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Dramatizing suicide

Television shows featuring teen suicide present a distinct risk to adolescents

Michelle Carter (center) listens to a judge in Massachusetts sentence her in August 2017. Associated Press/Photo by Matt West/The Boston Herald (file)

Dramatizing suicide

Television dramas and films are increasingly portraying teen suicide in an empathetic light, revealing shifting cultural attitudes about death and taking a deadly gamble by letting viewers, some of them adolescents, decide whether taking one’s life is sometimes justifiable.

A new two-part HBO documentary, which premieres Tuesday, reopens a 2014 high-profile teen suicide case involving Michelle Carter, who at 17 was charged with involuntary manslaughter for sending her suicidal boyfriend, Conrad Roy III, 18, numerous texts urging him to carry out his plan to take his own life until he actually did.

In I Love You, Now Die: The Commonwealth v. Michelle Carter, director Erin Lee Carr puts viewers in the jury box, presenting a more sympathetic narrative of Roy’s suicide, with special emphasis on his and Carter’s struggle with mental health. Carter, now 22, is serving a 15-month prison sentence, and her lawyers are expected to appeal her case to the U.S. Supreme Court this month.

The film is intended to provoke its audience to re-examine Carter’s guilt. But for vulnerable adolescents, it also presents another compelling teen suicide storyline.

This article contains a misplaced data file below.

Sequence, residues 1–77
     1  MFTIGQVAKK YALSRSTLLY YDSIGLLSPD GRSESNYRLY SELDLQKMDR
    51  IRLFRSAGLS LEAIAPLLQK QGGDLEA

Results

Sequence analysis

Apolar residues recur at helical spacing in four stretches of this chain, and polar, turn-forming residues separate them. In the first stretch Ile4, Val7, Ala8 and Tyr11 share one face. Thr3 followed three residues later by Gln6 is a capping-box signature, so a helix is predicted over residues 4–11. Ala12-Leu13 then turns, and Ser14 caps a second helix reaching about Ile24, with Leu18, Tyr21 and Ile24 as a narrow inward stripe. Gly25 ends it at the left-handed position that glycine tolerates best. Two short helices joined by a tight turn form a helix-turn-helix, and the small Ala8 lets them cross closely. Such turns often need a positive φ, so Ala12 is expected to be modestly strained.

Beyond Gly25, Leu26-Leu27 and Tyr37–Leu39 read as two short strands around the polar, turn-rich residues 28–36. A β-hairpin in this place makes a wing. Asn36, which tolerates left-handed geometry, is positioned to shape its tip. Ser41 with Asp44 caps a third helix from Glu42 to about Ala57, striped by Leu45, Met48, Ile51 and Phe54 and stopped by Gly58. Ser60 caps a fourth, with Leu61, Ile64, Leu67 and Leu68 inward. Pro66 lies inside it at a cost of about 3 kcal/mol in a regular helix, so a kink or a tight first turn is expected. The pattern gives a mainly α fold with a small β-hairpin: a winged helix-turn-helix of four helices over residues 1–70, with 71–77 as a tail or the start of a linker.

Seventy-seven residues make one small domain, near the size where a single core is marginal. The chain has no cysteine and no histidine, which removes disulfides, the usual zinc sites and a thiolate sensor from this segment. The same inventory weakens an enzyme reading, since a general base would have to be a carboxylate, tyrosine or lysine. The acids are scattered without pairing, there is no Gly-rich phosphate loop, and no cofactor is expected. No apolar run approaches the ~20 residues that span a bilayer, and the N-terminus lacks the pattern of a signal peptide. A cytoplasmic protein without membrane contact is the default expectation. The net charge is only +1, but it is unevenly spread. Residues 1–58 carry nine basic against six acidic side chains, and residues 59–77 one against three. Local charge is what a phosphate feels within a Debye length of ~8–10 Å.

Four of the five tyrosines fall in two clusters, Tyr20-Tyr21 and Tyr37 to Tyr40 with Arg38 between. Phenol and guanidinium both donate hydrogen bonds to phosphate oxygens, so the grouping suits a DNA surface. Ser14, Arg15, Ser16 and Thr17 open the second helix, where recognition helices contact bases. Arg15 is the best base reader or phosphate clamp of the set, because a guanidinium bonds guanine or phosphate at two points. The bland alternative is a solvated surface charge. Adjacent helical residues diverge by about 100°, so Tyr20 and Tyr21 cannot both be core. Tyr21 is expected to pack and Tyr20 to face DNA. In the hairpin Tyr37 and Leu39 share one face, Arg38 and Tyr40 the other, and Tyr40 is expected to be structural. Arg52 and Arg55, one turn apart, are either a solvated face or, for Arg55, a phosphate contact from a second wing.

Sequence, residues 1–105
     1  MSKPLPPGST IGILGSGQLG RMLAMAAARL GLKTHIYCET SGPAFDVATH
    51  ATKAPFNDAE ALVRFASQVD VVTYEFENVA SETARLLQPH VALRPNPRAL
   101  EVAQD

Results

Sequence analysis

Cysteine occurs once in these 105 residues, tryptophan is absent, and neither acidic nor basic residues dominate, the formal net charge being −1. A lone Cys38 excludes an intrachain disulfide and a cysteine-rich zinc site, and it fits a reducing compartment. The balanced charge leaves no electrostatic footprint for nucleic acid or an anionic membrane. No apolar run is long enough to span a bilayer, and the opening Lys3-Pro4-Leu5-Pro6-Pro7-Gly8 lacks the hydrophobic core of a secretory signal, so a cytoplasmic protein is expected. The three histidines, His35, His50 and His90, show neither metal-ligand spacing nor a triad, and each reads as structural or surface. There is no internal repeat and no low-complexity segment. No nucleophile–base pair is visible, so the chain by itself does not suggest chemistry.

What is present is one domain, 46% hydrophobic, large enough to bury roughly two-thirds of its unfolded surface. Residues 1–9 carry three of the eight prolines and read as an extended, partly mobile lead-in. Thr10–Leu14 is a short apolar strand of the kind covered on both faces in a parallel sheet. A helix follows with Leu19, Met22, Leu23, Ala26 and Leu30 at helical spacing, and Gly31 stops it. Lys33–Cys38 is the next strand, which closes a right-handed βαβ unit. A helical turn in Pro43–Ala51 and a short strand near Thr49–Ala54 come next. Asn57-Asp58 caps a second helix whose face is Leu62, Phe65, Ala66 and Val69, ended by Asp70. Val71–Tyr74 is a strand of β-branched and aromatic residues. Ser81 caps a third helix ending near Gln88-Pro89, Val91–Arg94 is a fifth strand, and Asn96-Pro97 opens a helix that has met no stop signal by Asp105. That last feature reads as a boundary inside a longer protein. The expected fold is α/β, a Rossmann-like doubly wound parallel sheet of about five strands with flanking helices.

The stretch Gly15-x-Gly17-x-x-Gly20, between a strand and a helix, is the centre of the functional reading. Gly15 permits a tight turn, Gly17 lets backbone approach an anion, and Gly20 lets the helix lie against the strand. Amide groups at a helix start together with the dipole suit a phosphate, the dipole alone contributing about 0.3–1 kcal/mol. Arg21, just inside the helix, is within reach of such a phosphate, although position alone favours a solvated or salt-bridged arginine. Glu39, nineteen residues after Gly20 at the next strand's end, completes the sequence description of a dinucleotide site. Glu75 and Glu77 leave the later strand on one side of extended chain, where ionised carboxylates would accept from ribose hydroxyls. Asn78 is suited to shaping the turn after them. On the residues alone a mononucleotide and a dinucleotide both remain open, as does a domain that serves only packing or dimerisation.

With teen suicide on the rise in recent years––it is now the second leading cause of death for adolescents––the growing number of media depictions of it, whether real or fictional, carry serious risk for vulnerable young adults.

In the wake of celebrity suicides like Robin Williams, Kate Spade, and Anthony Bourdain, and the high-profile assisted suicide of Brittany Maynard, teens are often the most susceptible to the societal dissonance involved with grief, shock, and ambivalence.

Since its March 2017 debut, Netflix teen drama 13 Reasons Why has fielded serious and widespread criticism for making suicide its focal point. Its first season tells the story of a teenage girl taking her life, including a graphic scene of her death, with a complex explanation of why she did it recorded on audio diaries. The show’s third season is expected to air in October.

A study published last April revealed that in the month following 13 Reasons Why’s debut, suicide rates jumped to a 19-year high for U.S. children ages 10 to 17. During April 2017 alone, 190 tweens and teens committed suicide, a 30 percent jump from the five preceding years, according to the study published in the Journal of the American Academy of Child & Adolescent Psychiatry.

“We desperately need the entertainment industry to take a greater interest and to feel a greater moral obligation to present suicide as it really is—including, most important, that suicide is never the only option,” the study’s four authors wrote in a joint column published in USA Today last month.

Netflix has so far ignored the study’s findings as well as repeated warnings from parent groups, educators, psychologists, and social scientists. The show “tackles the uncomfortable reality of life for many young people today. … We’ve heard from them, as well as medical experts, that it gave many viewers the courage to speak up and get help,” a spokesperson for Netflix told Canada’s CBC News.